An expert’s advice – Michael Turtle

We chat to travel blogger Michael Turtle about his advice for getting into travel writing.

Written by Bradt Travel Guides


What’s the difference between blogging and other writing?

In many ways, they are similar. They are both about creating a sense of place and trying to take the reader on a journey with you. The biggest differences come from the format in which they’re published. Blogs are updated regularly (traditionally by the same author) and so you’re able to extend the story over multiple posts. It may not be in chronological or even diary style, but you’re able to gradually create a personality and a style of story-telling that readers will have a deeper association with.

For this reason, blogging also allows for a more personal style of writing than many other traditional forms of travel writing. The reader already knows the author and their personality and so the blogger is able to use that as part of the narrative.

What are your most popular types of article?

My most popular articles fit into two (rather different) categories. The first are articles that have a lot of practical information and help readers plan their own travels. I think people are suspicious of information that they think has been created by organisations with vested interests. They see practical advice from bloggers as accurate (because it’s based on first-hand experience) and balanced (because bloggers are normally not pushing any particular agenda).

The other articles that are the most popular for me are those that tell the stories of unusual adventures. There are so many stories published by travel bloggers every day that are similar to hundreds of other stories already out there. I find that unique experiences, told in a way that inspires and excites readers, can be really popular.

Can you give us two practical tips for writing a travel blog?

1. The most important tip is to know who your audience is. Unlike traditional travel writing, where you’re often writing to a mainstream audience, travel blogging is all about writing for a niche (but not necessarily small) audience. You need to understand who a typical traveller reading your content is, and then tailor recommendations, tone and focus to that person.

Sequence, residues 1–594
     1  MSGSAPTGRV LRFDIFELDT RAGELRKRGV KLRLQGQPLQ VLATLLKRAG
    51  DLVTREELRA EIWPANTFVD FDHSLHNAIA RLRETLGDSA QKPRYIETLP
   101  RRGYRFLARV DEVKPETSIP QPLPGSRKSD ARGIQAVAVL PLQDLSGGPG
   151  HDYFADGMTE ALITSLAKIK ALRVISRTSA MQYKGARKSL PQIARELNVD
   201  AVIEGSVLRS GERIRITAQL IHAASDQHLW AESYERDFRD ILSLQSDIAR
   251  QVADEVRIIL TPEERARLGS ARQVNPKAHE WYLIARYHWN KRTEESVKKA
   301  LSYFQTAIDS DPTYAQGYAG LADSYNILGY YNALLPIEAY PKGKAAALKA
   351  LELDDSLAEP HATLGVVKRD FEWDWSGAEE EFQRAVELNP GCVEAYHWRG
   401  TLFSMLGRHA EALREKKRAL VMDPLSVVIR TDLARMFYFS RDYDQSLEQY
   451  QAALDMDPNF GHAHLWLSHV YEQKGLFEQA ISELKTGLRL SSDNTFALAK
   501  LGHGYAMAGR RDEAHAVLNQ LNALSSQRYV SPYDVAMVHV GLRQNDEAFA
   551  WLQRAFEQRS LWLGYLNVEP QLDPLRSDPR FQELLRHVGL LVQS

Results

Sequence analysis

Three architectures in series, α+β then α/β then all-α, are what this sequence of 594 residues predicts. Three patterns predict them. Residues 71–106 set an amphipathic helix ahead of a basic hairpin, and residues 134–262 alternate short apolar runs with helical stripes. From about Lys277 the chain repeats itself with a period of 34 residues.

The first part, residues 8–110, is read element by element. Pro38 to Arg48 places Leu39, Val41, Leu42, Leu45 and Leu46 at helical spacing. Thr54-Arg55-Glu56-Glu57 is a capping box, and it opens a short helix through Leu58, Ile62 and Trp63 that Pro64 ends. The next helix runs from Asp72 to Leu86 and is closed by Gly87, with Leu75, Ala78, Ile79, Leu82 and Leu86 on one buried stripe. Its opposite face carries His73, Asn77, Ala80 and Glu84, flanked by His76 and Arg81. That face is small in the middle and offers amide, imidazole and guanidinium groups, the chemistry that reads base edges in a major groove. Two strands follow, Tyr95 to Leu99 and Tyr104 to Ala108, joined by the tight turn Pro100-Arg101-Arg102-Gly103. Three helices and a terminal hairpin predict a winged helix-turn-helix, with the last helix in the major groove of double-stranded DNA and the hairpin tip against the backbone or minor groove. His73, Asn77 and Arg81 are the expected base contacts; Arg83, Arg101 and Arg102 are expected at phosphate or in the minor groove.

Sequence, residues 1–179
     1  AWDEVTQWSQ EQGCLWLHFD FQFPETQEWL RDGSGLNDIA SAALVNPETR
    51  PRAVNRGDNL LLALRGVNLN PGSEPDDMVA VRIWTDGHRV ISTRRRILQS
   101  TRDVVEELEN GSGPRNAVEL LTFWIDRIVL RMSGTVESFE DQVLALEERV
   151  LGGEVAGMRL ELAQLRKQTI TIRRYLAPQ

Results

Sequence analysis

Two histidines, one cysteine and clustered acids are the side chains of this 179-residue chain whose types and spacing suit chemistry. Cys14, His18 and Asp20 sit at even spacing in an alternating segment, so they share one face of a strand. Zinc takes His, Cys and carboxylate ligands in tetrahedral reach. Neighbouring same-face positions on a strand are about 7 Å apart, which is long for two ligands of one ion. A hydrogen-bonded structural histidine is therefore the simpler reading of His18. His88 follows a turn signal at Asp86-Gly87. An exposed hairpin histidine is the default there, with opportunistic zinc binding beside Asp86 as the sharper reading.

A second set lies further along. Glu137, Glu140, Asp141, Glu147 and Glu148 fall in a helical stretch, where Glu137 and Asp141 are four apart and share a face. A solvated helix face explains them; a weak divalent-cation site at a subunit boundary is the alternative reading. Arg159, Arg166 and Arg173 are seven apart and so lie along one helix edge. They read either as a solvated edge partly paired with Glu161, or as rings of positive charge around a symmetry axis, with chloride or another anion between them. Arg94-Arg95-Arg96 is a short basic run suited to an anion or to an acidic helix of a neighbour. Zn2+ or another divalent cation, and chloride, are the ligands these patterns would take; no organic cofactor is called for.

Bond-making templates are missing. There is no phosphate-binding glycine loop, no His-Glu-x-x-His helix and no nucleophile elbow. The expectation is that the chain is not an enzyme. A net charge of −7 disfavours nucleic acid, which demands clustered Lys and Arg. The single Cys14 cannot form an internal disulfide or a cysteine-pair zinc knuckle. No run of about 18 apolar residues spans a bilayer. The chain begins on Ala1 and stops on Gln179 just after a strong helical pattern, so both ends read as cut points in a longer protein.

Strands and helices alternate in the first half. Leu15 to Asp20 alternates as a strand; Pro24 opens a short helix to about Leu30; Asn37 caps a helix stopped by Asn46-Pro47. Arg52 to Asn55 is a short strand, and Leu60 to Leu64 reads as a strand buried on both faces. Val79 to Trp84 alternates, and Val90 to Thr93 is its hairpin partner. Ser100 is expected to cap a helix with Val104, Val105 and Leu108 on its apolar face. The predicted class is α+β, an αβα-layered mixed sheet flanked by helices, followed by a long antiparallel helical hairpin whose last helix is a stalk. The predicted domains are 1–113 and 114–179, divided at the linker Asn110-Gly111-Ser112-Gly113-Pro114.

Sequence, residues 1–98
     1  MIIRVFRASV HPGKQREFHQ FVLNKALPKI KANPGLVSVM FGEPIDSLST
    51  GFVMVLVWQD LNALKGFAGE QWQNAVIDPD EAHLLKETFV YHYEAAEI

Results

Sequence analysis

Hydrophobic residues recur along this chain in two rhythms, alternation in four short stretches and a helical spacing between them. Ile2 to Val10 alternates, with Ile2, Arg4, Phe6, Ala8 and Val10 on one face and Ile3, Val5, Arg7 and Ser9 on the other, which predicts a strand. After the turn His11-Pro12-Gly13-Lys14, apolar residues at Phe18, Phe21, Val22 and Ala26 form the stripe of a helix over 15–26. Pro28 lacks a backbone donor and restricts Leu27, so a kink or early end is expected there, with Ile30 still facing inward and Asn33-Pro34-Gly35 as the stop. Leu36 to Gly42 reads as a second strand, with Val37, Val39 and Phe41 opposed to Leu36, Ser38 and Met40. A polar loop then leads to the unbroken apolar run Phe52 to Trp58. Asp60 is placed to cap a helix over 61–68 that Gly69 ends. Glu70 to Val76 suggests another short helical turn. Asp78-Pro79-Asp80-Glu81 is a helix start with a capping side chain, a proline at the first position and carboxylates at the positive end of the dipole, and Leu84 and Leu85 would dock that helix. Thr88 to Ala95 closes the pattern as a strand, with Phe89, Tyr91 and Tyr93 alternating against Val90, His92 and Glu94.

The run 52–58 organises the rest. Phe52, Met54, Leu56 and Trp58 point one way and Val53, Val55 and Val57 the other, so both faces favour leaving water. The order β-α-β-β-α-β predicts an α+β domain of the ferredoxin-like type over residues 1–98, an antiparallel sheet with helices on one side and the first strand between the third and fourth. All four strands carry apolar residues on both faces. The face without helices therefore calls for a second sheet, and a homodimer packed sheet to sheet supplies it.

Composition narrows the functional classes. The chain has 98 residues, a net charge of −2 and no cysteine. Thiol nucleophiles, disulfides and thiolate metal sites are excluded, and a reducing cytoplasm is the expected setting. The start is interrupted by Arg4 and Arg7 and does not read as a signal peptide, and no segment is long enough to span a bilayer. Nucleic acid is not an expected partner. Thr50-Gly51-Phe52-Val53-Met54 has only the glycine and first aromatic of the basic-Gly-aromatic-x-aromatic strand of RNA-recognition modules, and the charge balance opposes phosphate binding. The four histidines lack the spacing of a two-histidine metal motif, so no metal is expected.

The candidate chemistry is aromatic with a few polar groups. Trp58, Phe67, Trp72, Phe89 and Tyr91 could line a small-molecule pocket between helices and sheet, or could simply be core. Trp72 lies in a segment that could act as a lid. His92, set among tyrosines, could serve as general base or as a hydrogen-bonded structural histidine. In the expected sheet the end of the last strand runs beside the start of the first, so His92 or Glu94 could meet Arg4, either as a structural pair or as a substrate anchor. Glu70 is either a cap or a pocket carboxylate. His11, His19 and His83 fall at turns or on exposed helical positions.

2. Another tip is to think about what you can offer that makes your stories more engaging to readers than any alternatives – it’s about the reader, not you. With online content, it’s not enough to just create great content. It also has to be good enough to make someone click on the link to read it in the first place. The best way to do that consistently is to be of value to the reader – help them answer a question, make them laugh or inspire them, for example.

How do you increase audience engagement?

There are lots of different ways that readers may end up on my site – through a post on social media, a link from another site, or by typing in the address directly, for example. But I’ve found one of the most effective ways of bringing readers to my site is through search engines like Google. This makes SEO really important and it’s something I always take into consideration when writing my posts. While, unlike many other bloggers, I don’t choose the topic of my stories based on SEO considerations, there are definitely some things I do to increase the chance of being found on Google. This includes the way I write the title or the headings, particular phrases that I will use when I’m talking about key topics, and including practical information and advice. I have found the key is to think about what people may be looking for in a travel story and then try to give them the best possible answer.

Michael Turtle began his travel blog, Time Travel Turtle, in 2011 and has been travelling full-time since then. He uses his background in Australian TV journalism to tell stories about the history, culture, and people of the destinations that he visits.

For more advice on how to get into travel writing, take a look at The Travel Writer’s Way:

The Travel Writer's Way by Jonathan Lorie

Back to the top